11. I have a large uric acid stone as well as gout. Dr. has prescribed potassium citrate as well as colcrys. I have low vitamin D under 20. I had been taken vitamin d supplement on and on in recent years. I have had other stones as well. How can I dissolve this stone with food and help the gout as well. I have high uric acid levels over 8-8.5 for many years?

  12. I have been reading a lot of comments from many ppl all over the internet. I found that I am truly lucky that I have had not had a problem with my stones in over 5 years.

    I truly feel bad for these people. I have tried to tell them how I have basically kept myself out of the Drs. office and or the hospital. No one will listen, so I am going to repeat it since I just want someone to take my advice and get the relief I have.
    It is very simple I went online and found a yahoo group, joined it and they have a very comprehensive list of Oxalate food groups. For the last 5 years at the instructions of my Dr. I went on it and found I longer have any pain, my stones have not gotten bigger at all. At first It is a bit restrictive but what would you do if you can remove the threat of kidney stones? I am now adding some forbidden foods with no ill effects. So if you are one of the unlucky ones that suffers all the time please try this. I am not selling anything and I am not making any money from telling you this. Some say this does not work but I am here proving that is wrong. It surely does work for me.. maybe it will work for you.

    • I agree.WHY in this article does the author recommend Swiss Chard, Spinach and nuts??? These foods are extremely high in oxylates and not permitted on a low oxylate diet.

      • Absolutely correct, those are VERY high oxalate foods and I avoid them. One leaf of spinach is over the recommended amount of oxalate for the day!

      • I was going to comment on the same thing.I’m pretty sure that my habit of eating around a pound of almonds a week,along with 4/5 cups of tea a day and 45 years of taking Rennie’s (a calcium carbonate antacid) have been the main reason for the stones….oh, and never drinking enough water.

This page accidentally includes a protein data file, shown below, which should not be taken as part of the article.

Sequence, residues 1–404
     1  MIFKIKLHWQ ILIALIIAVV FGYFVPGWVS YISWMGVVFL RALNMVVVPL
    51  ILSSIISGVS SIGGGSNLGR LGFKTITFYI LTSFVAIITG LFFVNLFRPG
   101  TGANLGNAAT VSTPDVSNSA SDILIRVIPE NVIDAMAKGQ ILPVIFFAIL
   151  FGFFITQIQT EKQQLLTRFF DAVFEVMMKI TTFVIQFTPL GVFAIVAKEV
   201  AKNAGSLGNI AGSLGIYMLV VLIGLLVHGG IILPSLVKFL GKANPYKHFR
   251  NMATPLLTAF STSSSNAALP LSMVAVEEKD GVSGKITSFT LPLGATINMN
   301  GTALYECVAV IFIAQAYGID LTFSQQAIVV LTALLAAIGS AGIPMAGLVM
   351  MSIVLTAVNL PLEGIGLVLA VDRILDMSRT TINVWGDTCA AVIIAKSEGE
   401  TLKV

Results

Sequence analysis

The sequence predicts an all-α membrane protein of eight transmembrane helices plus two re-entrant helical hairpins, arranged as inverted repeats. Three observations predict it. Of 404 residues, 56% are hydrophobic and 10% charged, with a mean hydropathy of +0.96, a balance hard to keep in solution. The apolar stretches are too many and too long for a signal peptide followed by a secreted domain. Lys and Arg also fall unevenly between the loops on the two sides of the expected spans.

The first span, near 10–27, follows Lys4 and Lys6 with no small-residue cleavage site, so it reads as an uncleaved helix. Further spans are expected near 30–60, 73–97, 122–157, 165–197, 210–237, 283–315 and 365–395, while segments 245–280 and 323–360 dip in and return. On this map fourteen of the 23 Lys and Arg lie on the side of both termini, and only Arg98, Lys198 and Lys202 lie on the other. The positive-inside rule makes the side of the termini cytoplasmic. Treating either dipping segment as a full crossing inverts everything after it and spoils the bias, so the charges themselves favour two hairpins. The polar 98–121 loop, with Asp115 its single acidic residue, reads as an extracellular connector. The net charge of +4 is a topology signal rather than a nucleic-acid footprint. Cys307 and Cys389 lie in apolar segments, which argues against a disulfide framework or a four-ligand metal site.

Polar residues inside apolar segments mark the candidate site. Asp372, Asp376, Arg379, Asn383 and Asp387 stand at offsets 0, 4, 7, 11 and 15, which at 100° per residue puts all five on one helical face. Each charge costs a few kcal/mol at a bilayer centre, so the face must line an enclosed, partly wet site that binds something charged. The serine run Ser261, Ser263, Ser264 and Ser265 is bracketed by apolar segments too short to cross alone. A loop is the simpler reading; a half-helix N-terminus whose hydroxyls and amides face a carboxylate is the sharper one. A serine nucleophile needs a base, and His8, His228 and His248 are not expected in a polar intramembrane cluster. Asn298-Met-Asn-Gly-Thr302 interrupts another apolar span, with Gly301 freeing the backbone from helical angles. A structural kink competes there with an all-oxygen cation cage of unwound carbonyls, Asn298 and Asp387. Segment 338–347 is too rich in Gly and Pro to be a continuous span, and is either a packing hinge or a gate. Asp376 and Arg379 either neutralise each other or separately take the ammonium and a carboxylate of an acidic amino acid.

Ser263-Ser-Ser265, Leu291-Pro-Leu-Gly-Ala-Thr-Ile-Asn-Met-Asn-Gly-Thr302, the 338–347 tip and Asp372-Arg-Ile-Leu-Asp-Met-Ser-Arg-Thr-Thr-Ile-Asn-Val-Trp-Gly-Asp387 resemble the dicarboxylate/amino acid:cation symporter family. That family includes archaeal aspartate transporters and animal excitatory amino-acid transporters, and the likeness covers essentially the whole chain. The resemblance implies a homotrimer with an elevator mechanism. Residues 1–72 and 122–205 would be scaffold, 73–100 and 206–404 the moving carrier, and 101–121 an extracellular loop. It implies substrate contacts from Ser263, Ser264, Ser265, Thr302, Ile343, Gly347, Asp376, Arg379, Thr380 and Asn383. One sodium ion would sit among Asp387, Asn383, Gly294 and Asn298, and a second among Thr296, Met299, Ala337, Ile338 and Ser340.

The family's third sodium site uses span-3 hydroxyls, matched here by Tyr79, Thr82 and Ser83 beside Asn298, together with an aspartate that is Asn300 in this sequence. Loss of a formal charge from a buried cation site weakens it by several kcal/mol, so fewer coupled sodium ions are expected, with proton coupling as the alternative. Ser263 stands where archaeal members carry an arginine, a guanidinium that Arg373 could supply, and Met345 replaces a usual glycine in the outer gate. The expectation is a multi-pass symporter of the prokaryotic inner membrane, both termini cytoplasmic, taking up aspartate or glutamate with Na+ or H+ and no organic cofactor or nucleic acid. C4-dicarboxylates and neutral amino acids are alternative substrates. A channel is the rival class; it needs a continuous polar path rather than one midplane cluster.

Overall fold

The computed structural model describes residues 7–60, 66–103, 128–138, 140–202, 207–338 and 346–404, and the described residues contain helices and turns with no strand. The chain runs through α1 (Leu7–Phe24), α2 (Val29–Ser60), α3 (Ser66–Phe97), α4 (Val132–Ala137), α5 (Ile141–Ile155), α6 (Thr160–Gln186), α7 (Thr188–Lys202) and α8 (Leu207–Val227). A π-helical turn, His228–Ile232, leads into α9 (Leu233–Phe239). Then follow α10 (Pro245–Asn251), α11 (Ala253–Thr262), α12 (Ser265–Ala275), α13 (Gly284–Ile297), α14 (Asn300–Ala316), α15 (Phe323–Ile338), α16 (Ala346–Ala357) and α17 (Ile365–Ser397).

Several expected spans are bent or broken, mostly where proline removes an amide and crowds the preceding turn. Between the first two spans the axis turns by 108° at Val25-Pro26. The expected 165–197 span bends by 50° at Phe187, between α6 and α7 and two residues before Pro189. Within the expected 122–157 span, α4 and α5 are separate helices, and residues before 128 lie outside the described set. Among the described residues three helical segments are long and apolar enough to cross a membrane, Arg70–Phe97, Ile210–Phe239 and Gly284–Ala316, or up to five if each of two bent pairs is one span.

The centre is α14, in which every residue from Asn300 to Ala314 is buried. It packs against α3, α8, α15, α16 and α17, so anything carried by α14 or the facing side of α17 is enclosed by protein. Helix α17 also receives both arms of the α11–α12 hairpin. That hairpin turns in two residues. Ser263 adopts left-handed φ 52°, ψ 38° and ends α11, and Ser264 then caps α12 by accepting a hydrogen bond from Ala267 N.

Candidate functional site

• The group I found is Trying Low Oxalates. Susan Costen Owens started it, and she has been researching with a focus on oxalate issues for about 20 years.

        The diet was very effective for my kidney stones, and my oxalate level is now back in a normal range.

        I agree with the comments above, spinach, swiss chard, and most nuts are a pretty bad idea if you have kidney stones.

    • I have been on a low Oxylate diet for 5 months now as prescribed by my Urologist & received word that my numbers have moved in the right direction! I’m supposed to go back in a year. He also suggested taking CitraCal, as well. So far…so good!!! Good luck to everyone!!

      • Glad to hear your urologist suggested a low oxalate diet; mine thought it was a waste of time. Found a great resource in the University of Chicago’s Stone Prevention website run by a really nice doctor, Frederic Coe, MD. He actively monitors the website and answers questions. I, too, steer clear of spinach (750mg of oxalate per 1/2 cup!), almonds, and beets. Rhubarb is very high, but really, who eats that? I had switched from coffee to tea 6 months before getting another stone. Thought tea was healthier, and my stomach was being bothered by the coffee. Now I am back to coffee. Found that when I was pushing water to get rid of the stone, one of the benefits was my gastritis went away. Who knew!!!

  13. Thanks for great knowledge. Is there any clinical trial to show that supplementation with vitamin K2 can decrease the risk for kidney stones?
    If so, please send its link for me.

  14. In the article you state,

    “… the issue is likely due to the fact that VLC diets (<15% of calories from carbohydrate) make the urine more acidic due to the excessive amount of protein metabolism, potentially leading to uric acid stone formation. Generally, this is more of an issue on ketogenic diets,… "

    This does NOT make sense as one restricts protein consumption in a Ketogenic Diet in order not to have levels that will then convert to glucose. I suspect that you don't know much about Ketogenic Diets and that you are spouting this off of the top of your head.

    Ask Dr. Peter Attia if he thinks he is more prone to kidney stones.

    :-/